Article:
Many raw meat-based diets have nutritional imbalances which can be harmful to the dog. One study evaluated 200 recipes for healthy dogs and found that 95 percent of the recipes had at least one essential nutrient below the recommended minimum amount. Many had multiple imbalances. Because it is very difficult to formulate a nutritionally-balanced home-prepared diet, a veterinary nutritionist should always be consulted first.

 

Further research is needed to substantiate the risks and benefits of raw diets. Each individual animal and the characteristics of the household should be evaluated (with input from a veterinarian) before deciding which diet is best.

 

Dr. Jennifer Coates

 

Reference

Current knowledge about the risks and benefits of raw meat-based diets for dogs and cats. Freeman LM, Chandler ML, Hamper BA, Weeth LP. J Am Vet Med Assoc. 2013 Dec 1;243(11):1549-58.

 

Image: Thinkstock

 

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Comments  3

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  • Balance
    03/14/2014 06:14pm

    Besides the scary part about 1/4 to 1/2 of the meat having salmonella, it would seem to me that a balanced diet might be difficult to manage (as with any home-made diet). I'd love to see comments from some of the folks on this site that feed raw and how they assure their pet is getting balanced nutrition.

  • 03/16/2014 09:03am

    If I'm not mistaken, most of the recalls for commercial dry dog food are a result of salmonella contamination. I do agree that homemade raw diets might be a detriment to our pups if they're not formulated correctly. I think it's very hard to get all of the nutritional elements in the proper proportion when concocting a raw diet. I feed my guy commercial raw and he does very well on that.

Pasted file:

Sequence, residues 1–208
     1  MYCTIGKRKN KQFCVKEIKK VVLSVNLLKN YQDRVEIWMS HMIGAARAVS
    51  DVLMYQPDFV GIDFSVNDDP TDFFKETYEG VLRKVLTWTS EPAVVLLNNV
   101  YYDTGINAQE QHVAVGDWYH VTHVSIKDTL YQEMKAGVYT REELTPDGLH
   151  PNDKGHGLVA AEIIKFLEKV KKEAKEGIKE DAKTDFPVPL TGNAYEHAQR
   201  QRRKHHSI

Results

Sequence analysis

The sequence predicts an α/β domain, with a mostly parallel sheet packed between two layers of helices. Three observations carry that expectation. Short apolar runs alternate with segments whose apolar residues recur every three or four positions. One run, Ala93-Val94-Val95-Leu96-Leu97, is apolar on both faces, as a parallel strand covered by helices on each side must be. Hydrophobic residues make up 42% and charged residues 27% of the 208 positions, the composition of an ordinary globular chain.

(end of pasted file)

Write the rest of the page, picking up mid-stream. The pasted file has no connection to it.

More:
• 06/08/2014 07:36am

    I don't feed my dogs or cat a raw meat diet. I've been developing & getting cooked dog food recipes for a little while now. My dogs & yes even the cat, loves the stuff I've been coming up with. I'm very careful not to include foods that might be bad or dangerous to my animals. I started doing this because of my little chi mix, has a kidney stone problem. If anyone would like a recipe for cooked dog food let me know. I have a few & if you do an internet search you can find others as well.

 



ABOUT NUTRITION NUGGETS

JENNIFER COATES, DVM

Photo of Jennifer

... graduated with honors from the Virginia-Maryland Regional College of Veterinary Medicine in 1999. In the years since, she has practiced veterinary medicine in Virginia, Wyoming, and Colorado. She is the author of several books about veterinary medicine and animal care, including the Dictionary of Veterinary Terms, Vet-Speak Deciphered for the Non-Veterinarian .

Jennifer also writes short stories that focus on the strength and importance of the human-animal bond and freelance articles relating to a variety of animal care and veterinary topics. Dr. Coates lives in Fort Collins, Colorado with her husband, daughter, and pets.